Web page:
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By a whopping 116-0 margin, the N.C. House of Representatives yesterday passed House Bill 1043 (“HB 1043”), aimed at bringing objectivity and uniformity to the prequalification of contractors on public construction projects in the Tar Heel State.
Don’t let yesterday’s vote tally deceive you, however; the legislation was not without its share of controversy.
Senator Neal Hunt, Chair, and Representative Dean Arp, House Co-Chair, helm the Purchase and Contract Study Committee, which is currently considering prequalification reform in North Carolina.
Statutes governing the procurement of public construction contracts are intended to promote honest and open bidding procedures, thereby placing interested contractors on an equal footing when competing for the work. A Pennsylvania court observed way back in 1908 that it is the duty of public awarding authorities “to see that the purposes aimed at by the laws shall be effected in good faith.”
Many contractors are skeptical that standard is being met in North Carolina.
As I’ve previously written, a number of prime contractors recently testified before the General Assembly’s Purchase and Contract Study Committee about how the statute permitting prequalification of bidders is often misused so that certain contractors are favored over others, particularly in the construction management at-risk context. The opportunity for misuse arises from the utter lack of any statutory direction for exercising the right to prequalify under existing law (click image below for larger version):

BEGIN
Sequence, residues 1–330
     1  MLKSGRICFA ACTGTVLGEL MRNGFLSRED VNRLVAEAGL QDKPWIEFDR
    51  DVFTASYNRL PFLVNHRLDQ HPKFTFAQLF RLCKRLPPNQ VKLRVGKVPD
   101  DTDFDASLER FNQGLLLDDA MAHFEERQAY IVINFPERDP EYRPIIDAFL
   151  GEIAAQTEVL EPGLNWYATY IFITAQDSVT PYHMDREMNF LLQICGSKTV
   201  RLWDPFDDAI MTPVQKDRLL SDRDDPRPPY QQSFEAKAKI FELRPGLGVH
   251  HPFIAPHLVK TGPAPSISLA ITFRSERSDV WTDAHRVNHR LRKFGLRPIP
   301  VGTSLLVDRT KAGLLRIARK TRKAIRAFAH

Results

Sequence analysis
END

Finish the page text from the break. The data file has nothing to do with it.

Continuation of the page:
Thankfully, the Committee appears ready to recommend extensive and significant modifications to this bare-bones statute.
A $15 million school construction project is being let by a local board of education, and you really want this contract. Your team has been working relentlessly over the past week to accurately estimate the project and provide the school board with the most competitive price possible. You’ve sharpened your pencil, and reduced your margin to virtually nothing in the hopes of landing this project. Time to submit your proposal, fingers crossed…
…Well, the bid opening has now come and gone, and unfortunately, it looks like the work is going to be awarded to one of your competitors. However, you believe there was an irregularity in the bidding process, and the more you think about it, the more you want to contest what you consider to be an unjust result. Should you sue in an attempt to stop the contract from being awarded to your competitor?
The answer to that question depends substantially on the severity of the irregularity you’re concerned about.